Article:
You will also find several exquisite churches, particularly Cádiz Cathedral, whose towers grant visitors a panoramic view of the city below.
Varanasi is a city of a million people in the Northern Indian state of Uttar Pradesh. Set against a bend in the Ganges River, it’s a holy city for Hindus and Jains.
According to legend, the city was founded 5,000 years ago by the Hindu god Shiva. During a battle, Shiva was able to remove one of the heads of Brahma, another Hindu deity. But when Shiva came to Varanasi, the head slipped from his hands and vanished into the ground, thus consecrating it.
Archaeological evidence suggests the area was first settled around 3,000 years ago.
Some Hindus believe that dying in Varanasi guarantees a state of nirvana, so it is common for the faithful to plan pilgrimages here when they’re terminally ill. That lends the city an air of morbidity. However, you will also find plenty of healthy Hindu worshippers making their observances in the river, while ancient temples loom overhead.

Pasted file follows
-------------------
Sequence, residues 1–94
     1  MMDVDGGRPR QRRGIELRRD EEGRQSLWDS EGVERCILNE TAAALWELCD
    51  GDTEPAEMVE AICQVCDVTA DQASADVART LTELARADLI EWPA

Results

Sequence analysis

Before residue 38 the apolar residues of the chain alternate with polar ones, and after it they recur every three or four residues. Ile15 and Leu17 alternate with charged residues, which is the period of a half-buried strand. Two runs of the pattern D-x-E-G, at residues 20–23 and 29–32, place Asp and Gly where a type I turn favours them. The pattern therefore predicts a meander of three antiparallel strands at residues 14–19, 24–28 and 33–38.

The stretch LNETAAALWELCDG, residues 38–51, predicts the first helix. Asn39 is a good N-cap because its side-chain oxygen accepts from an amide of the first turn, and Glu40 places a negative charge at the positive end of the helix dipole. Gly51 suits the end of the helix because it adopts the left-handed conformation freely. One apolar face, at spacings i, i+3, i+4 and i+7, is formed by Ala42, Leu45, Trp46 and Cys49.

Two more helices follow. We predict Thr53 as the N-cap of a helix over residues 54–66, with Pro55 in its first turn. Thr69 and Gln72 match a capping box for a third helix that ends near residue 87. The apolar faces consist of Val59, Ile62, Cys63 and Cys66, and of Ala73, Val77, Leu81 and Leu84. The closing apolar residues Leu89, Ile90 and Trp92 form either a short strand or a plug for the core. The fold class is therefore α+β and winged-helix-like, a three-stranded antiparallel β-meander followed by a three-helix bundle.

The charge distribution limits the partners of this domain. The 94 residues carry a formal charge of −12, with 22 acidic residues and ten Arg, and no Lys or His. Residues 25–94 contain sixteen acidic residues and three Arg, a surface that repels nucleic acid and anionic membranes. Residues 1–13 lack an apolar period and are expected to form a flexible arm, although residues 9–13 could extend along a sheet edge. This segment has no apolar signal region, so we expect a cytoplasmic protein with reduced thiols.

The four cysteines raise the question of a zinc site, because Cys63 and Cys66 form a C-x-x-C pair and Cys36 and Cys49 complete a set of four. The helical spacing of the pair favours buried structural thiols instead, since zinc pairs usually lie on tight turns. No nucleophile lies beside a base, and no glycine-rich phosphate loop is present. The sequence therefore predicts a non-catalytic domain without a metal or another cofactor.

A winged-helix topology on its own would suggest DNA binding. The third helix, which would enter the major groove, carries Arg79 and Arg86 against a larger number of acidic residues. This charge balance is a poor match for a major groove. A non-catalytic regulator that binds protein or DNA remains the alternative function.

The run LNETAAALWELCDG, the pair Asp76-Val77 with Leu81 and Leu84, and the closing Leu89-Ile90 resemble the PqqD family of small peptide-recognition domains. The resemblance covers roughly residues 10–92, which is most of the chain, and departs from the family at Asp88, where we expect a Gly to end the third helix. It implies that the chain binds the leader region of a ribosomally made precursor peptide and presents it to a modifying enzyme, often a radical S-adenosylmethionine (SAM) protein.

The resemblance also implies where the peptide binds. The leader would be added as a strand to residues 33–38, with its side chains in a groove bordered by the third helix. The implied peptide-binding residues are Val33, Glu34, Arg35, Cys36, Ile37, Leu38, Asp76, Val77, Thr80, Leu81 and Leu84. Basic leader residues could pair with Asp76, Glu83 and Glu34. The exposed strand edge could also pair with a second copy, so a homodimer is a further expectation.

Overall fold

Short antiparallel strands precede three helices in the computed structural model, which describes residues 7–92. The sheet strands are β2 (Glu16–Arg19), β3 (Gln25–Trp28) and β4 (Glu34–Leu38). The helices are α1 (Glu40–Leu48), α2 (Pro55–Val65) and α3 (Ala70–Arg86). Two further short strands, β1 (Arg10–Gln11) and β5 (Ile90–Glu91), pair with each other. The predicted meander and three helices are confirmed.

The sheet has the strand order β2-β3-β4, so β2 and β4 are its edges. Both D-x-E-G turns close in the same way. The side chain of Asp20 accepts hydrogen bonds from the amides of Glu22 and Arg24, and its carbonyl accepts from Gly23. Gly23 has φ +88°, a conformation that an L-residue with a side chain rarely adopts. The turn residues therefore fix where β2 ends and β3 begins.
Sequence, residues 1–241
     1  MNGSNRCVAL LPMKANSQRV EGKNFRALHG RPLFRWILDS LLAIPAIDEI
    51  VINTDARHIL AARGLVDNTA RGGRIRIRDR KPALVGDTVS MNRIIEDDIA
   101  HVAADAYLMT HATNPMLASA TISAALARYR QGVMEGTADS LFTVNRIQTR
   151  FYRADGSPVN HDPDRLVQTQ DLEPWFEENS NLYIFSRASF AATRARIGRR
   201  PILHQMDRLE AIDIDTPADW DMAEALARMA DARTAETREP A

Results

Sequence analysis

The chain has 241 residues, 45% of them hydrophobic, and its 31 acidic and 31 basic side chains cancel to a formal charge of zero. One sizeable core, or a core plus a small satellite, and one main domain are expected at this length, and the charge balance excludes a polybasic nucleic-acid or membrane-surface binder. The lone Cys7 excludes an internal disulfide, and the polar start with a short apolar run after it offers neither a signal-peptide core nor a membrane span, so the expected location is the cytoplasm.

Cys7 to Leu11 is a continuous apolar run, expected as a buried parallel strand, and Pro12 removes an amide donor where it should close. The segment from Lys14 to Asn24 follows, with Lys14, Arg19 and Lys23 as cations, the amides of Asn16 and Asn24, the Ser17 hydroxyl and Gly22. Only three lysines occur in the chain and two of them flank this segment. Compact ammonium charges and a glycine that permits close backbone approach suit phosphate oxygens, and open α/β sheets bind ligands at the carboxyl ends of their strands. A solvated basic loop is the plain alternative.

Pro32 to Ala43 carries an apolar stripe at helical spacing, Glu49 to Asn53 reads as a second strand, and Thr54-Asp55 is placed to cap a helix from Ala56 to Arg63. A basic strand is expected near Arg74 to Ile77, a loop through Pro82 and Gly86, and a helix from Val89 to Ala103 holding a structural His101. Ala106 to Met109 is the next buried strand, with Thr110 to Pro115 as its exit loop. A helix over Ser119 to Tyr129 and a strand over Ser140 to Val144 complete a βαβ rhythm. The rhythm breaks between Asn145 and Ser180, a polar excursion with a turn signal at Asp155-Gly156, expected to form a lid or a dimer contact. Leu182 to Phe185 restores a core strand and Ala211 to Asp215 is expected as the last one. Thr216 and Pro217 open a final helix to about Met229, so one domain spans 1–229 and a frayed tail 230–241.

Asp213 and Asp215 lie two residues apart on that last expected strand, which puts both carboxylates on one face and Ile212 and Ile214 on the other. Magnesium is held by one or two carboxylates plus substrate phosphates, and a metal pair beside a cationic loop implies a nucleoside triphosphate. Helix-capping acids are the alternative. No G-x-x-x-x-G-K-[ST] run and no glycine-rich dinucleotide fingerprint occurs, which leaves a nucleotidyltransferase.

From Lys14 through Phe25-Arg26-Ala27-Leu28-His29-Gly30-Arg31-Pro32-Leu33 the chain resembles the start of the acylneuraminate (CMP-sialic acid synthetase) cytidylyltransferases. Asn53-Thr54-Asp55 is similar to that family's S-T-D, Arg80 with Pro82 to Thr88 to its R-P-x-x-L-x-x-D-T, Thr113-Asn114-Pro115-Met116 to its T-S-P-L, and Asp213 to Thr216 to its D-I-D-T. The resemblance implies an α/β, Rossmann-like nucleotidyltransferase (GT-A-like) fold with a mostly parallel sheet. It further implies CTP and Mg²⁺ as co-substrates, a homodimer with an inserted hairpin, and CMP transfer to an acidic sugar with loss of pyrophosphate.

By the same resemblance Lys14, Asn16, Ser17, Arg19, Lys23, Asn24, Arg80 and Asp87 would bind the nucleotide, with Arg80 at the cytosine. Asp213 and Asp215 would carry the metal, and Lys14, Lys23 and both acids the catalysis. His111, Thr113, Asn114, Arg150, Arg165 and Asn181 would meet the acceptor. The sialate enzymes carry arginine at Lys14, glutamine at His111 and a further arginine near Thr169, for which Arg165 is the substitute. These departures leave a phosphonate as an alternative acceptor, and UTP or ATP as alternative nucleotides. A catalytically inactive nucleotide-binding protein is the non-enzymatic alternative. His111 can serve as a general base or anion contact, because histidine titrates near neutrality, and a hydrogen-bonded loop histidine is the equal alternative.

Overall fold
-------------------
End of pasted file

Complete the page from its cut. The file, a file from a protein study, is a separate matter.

A trip to the banks of the Ganges, holy to Hindus, will not disappoint — especially at dawn. You may just find you have a spiritual experience yourself. Just make sure you visit between October and March: summers here are extremely hot.
How the mighty have fallen.
Founded around 1,400 BC, Thebes was almost as important as Troy in Greek mythology. It was one of the most powerful cities in ancient Greece, the seat of the Boeotian confederacy of states that rivalled the supremacy of Athens. In fact, the Thebans’ hatred of the Athenians was so great that they actually sided with Xerxes’ Persian invasion of Greece in 480 BC. (They were punished badly by their countrymen once Xerxes was defeated.)
Unlike Athens, a metropolis of more than 3,000,000 people today, Thebes has largely been forgotten. It still exists, but as a modest market town with fewer than 30,000 residents.
Its proximity to more famous tourist destinations has left it relatively unpopular with tourists. But if you want to explore the legacy of ancient Greece without having to fight the crowds, you might just find a trip to the Archaeological Museum of Thebes, or a stroll through the town’s scattered ruins, worthwhile.